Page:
January 30, 1882 - April 12, 1945: Age 63
"I wish I could keep war from all Nations; but that is beyond my power. I can at least make certain that no act of the United States helps to produce or to promote war."
FDR was and is one of the best-loved presidents of the United States. He was elected for four terms in office (this was before the two-term limit was ratified in the twenty-second amendment), and took the country through two seminal events of the 20th century: the recovery from the Great Depression, and World War II. He and his wife, Eleanor, were two of the greatest American liberals of the last century.
Trained as a lawyer, Roosevelt grew up in a wealthy family. He married Eleanor against his mother's wishes. Overall, they were well matched, but Roosevelt was a philanderer, and Eleanor found this difficult to tolerate, especially when she discovered he had been having an affair with her own secretary. She proposed a divorce, but Roosevelt's mother — the same one who had opposed the match in the first place — threatened to disinherit him if he went through with it. The marriage settled into a reasonably amicable and successful partnership that left the other aspects of marriage in the past. As part of the arrangement, Roosevelt promised to break off the affair with Eleanor's secretary, and never to see her again.
In 1921 he contracted an illness that left his legs paralyzed. Although Roosevelt was the first US President to use broadcast media extensively to communicate with the public, its primitive nature and the dominance of radio meant that he was able to perpetuate the fiction that his paralysis was temporary and that he was on the road to recovery. He used a wheelchair, but never allowed himself to be seen with it in public, staging public appearances so that he was standing upright or using a cane. People simply didn't think much about it.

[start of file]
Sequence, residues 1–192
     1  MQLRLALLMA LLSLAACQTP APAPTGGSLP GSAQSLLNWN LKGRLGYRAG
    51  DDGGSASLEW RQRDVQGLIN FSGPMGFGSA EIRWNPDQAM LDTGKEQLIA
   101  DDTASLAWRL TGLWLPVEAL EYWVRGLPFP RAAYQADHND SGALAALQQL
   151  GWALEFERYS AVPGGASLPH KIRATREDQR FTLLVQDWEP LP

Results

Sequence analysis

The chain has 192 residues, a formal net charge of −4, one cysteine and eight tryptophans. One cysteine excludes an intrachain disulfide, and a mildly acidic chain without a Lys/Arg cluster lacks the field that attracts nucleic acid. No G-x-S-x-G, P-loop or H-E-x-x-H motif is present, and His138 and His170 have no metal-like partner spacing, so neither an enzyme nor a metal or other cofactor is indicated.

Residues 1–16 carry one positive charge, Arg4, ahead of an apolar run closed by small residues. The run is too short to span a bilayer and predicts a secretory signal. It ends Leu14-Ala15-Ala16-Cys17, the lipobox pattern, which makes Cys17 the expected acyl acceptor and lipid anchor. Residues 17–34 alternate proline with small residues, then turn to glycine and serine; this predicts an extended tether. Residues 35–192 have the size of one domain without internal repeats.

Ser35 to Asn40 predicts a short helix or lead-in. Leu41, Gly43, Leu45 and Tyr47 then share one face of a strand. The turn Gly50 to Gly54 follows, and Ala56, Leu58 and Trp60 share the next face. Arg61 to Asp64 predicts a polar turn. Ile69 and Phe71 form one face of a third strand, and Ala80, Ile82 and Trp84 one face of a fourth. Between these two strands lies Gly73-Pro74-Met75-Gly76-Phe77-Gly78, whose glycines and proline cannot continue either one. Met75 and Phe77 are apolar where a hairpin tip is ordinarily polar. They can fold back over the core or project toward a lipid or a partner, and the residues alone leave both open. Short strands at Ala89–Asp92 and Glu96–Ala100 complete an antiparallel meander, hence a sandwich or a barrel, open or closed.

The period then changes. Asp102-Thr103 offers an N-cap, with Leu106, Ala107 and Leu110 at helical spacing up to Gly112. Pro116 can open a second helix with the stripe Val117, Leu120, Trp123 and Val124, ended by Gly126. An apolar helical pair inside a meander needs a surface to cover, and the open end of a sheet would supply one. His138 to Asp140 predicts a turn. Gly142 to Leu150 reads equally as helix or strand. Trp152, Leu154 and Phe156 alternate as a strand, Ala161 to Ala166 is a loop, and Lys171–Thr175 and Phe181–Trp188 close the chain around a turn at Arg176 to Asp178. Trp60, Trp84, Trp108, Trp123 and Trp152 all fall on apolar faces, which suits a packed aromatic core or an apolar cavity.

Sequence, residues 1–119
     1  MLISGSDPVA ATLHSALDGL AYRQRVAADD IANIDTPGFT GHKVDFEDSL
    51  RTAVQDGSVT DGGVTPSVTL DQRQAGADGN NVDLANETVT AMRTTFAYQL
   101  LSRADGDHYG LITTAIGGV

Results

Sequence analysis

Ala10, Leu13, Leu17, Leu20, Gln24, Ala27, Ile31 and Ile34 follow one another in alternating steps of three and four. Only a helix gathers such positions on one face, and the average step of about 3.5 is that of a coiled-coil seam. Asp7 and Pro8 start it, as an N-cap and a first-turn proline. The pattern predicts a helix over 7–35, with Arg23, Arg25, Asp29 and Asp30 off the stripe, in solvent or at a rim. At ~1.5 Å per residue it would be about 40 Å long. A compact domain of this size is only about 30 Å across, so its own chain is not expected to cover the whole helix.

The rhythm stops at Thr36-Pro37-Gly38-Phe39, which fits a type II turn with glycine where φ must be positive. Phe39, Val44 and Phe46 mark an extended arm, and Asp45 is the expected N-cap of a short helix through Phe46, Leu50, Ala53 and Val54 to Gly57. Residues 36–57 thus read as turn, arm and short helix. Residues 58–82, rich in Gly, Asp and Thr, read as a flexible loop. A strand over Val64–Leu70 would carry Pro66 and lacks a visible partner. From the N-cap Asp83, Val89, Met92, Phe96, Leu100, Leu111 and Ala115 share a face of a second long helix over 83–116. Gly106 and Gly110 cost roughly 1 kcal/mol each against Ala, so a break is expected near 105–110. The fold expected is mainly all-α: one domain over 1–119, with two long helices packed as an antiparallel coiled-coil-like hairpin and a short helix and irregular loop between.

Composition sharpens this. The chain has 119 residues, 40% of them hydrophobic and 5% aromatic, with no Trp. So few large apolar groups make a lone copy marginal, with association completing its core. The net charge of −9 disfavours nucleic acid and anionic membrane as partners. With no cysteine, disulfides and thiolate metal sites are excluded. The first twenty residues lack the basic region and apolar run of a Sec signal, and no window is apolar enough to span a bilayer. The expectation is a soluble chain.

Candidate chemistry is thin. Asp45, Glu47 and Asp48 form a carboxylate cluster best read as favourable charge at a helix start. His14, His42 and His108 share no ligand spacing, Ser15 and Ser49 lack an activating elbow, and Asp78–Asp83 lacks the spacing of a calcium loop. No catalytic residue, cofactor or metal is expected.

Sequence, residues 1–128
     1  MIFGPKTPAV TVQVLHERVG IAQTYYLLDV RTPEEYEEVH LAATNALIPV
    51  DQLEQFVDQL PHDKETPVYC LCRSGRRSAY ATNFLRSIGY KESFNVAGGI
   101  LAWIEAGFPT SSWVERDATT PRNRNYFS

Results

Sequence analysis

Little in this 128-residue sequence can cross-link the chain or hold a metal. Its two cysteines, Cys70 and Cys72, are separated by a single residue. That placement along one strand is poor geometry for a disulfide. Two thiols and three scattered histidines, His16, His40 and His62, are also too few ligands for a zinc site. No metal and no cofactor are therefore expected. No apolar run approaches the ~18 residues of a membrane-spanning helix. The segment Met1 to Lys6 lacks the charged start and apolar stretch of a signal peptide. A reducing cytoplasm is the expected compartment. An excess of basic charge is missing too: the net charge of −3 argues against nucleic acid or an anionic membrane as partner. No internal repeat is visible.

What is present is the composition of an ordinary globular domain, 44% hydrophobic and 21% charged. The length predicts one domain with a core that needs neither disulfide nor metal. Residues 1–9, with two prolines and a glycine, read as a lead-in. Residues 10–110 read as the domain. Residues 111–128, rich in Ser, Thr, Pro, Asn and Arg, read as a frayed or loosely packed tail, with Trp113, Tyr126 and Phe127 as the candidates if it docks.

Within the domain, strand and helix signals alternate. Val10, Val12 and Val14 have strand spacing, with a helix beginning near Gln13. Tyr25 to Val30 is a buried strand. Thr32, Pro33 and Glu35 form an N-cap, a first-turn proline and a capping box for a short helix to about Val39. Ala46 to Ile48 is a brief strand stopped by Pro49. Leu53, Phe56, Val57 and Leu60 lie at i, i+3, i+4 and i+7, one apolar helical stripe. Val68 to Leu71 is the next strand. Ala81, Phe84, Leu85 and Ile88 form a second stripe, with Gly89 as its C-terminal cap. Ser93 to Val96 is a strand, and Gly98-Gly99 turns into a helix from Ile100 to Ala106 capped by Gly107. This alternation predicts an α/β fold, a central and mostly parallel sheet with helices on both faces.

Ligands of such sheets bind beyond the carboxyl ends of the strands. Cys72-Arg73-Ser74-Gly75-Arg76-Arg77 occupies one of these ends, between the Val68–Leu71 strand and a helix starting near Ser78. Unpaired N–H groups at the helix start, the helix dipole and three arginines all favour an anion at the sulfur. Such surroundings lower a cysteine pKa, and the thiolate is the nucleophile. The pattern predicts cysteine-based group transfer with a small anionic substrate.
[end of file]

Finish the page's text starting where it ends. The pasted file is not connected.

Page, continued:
He took office in March 1933, when the world was in the depths of economic depression. Credited with turning the US economy around through his aggressively liberal policies, and was re-elected by a wide margin in 1937. When war erupted in Europe in 1939, he began to steer the country toward intervention, and a year after his re-election for an unprecedented third term, in December 1941, the US entered the war. In 1944 the US was in the midst of war on two fronts, and re-elected him for a fourth term.
Roosevelt's health was declining due to the strain of office, his paralysis, and years of chain-smoking, high blood pressure, and heart disease. When he addressed Congress in March many were surprised to see how ill and old he looked. On April 12 he was sitting for a portrait when he complained of a "terrific headache" and broke off the sitting to go to bed. A doctor's visit revealed that he had had a massive stroke. He died later that day, leaving Harry Truman, his Vice-President, to finish out the term. The portrait, seen right, was left unfinished.
With him on the day of his death was Lucy Mercer: the same woman who, years before, he had promised Eleanor he would never see again. He had not kept the promise, but continued to see Mercer discreetly over the years. In his latter years, his daughter Anna had even helped arrange visits between the two. Although the continued contact was apparently news to Eleanor, and must have been a shock, it is worth noting that the 1918 marital showdown was a very positive turning point in her life. From that point on she steered her own course in life, becoming an influential figure in politics, diplomacy, and civil rights: so much so that she was proposed as a running mate for Truman in the 1948 election (she declined). She had a close and loving relationship with another woman which, viewed through the lens of her now-public letters, was very likely a full partnership in every sense.